TI Continues to Battle Allegations of Cryptocurrency Fraud – Digital Music News


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Rapper T.I. is hoping to escape a lawsuit filed against him by investors in a failed cryptocurrency ICO, FLiK.

Investors allege that T.I. — whose real name is Clifford Joseph Harris Jr. — hyped up the entertainment company FLiK and its ICO.  The rapper heavily promoted the ICO with the company’s executive, Ryan Felton.

The duo promised a major return on investment, but now the token is worthless.  Seriously.  Here’s a look at where FLiK sits today, with 99.26% value lost.

T.I. filed for a dismissal on Thursday, saying the amended complaint lists him and Felton as controlling shareholders. However, it’s not mathematically possible for both oft hem to own more than 50% of the company.

The dismissal also says that T.I.’s actions did not induce the investors to purchase the tokens. It also says the complaint lacks sufficient evidence that he solicited investors to buy tokens.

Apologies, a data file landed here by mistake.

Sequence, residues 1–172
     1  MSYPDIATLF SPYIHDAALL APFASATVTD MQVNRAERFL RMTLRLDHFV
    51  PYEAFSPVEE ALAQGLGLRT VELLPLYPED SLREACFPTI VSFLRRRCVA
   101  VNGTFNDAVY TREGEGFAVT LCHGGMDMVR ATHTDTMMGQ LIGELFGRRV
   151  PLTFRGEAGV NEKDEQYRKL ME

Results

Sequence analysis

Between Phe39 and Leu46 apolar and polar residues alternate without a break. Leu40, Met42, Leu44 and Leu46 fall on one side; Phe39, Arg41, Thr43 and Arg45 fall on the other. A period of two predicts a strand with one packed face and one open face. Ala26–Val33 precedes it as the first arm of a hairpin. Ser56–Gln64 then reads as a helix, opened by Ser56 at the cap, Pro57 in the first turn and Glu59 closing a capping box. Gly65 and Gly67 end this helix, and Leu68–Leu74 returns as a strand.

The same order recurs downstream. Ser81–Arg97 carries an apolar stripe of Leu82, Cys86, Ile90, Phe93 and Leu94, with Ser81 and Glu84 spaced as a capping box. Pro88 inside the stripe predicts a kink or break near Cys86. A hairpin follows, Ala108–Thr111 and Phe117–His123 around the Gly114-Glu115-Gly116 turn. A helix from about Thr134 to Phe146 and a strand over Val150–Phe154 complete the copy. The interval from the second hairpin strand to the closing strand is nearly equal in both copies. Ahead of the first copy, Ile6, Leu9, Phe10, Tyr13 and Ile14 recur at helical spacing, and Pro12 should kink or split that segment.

Most of the original lawsuit’s content revolved around the rapper’s tweets about the failed ICO. That complaint alleges that Harris and Felton ran a pump and dump scheme, hyping FLiK with celebrity endorsements. Investors claim they were outright duped, even though they were investing in a highly speculative financial bet with no regulations.

FLiK tokens were supposed to address the issue of low artist payouts for royalties. Using blockchain ledgers and transactions, FLiK promised creators up to 98% of their profits.

Early on, Felton promised investors a skyrocketing token from $0.06 to $14.99 in 15 months. FLiK hit an all-time high of around $0.35 USD before people realized it was a scam.

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T.I.’s lawyers argue that the validity of the case comes down to whether Georgia’s securities laws apply. During its brief life, FLiK was a globally traded token.

“We don’t see how Georgia law would govern sales on some exchange somewhere any more than say Hawaiian law would.”

T.I. also labeled two other claims against him as “shotgun pleadings.”  Specifically, he says claims of unjust enrichment and punitive damages generalize the facts and should be thrown out as well.





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